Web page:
France not to bow to fear and cancel COP21

The recent terrorist attack in Paris will affect the conference, but France will stand up with other countries and work on finding out an agreement. The French Ambassador to Bangladesh Sophie Aubert shared her views on COP21 in an exclusive interview with Dhaka Tribune’s Meer Saiful Islam

What are the security measures for around 40,000 guests to be there in COP21 in the wake of the unfortunate attack on innocent people in Paris?

Aubert: My government decided not to give up before fear and to maintain COP21. Of course, priority will be given to the negotiators because they have to find out an agreement in order to protect our future.

The events taking place in closed areas will be maintained. But some initiatives due to take place in open places will be cancelled. It is essential not to take risks and to keep the situation under control of our security forces.

Will the incident anyway affect the event?

Aubert: Of course the horrible terrorist attacks against not only French citizens, but citizens from many foreign countries will affect the conference. But we must stand up and keep on working. We must adapt our mindset to the global threat and act accordingly, considering that these terrorists are a reality, that we are at war with them, but that we will never give up and that we will join our forces to protect ourselves and to eradicate them.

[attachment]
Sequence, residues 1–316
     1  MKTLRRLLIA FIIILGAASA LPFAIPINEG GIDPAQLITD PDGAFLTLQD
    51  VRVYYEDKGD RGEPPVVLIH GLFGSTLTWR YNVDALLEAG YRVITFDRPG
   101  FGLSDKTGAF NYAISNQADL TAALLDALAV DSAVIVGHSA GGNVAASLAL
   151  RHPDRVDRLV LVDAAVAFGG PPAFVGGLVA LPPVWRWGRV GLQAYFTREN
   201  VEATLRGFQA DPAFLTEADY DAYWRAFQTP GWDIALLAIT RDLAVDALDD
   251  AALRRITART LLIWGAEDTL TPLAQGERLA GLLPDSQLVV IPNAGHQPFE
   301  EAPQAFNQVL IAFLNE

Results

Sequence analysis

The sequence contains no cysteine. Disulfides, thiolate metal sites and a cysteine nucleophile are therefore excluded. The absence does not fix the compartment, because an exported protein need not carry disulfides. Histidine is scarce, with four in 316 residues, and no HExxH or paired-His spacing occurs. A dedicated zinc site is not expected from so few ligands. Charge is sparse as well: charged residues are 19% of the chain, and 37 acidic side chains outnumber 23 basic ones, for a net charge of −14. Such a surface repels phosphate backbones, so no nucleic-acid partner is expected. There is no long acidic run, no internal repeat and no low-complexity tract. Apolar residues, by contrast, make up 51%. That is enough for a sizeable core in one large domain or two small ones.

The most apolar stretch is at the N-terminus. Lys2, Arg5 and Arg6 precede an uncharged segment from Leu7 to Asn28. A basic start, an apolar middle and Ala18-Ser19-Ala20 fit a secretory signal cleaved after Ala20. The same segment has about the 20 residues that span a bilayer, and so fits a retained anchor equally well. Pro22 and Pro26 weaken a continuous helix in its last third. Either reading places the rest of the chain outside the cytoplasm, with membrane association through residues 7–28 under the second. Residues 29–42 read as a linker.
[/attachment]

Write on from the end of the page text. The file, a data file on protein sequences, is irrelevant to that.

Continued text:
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To what extent you are hopeful about the success of COP21?

Aubert: I hope that the right decisions will be adopted at COP21 because it would be a shame for our political leaders and heads of state if they refused to find out a global agreement in order to protect our children from the biggest disasters our humanity has ever faced. The entire global society is conscious of the consequences of a failure of COP21 for peace and development, there will be no option but to achieve a global consensus in Paris.

The text for a legally binding agreement is there, finalised a few weeks ago. It has to be definitely approved in Paris.

One hundred and forty-six countries had presented their national contributions by October 30, which was the deadline to have one’s contribution taken into account at COP21. The effort they show is not sufficient to maintain the increase of global temperature below 2°C by the end of the century, compared to the pre-industrial era; but I understand that initiatives would be taken in Paris, in order to go back to the right trajectory – for example, France should propose the review of the contributions every five years with the obligation to do more every time in order to be more efficient in limiting greenhouse gas emissions.

I think that climate finance mobilisation will be confirmed.

Civil society is mobilised worldwide and will be in Paris to put pressure on the negotiators.


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Unlike previous events of COP, this time the heads of states will take part in the first segment of the conference. Why? Will a political package come out of it?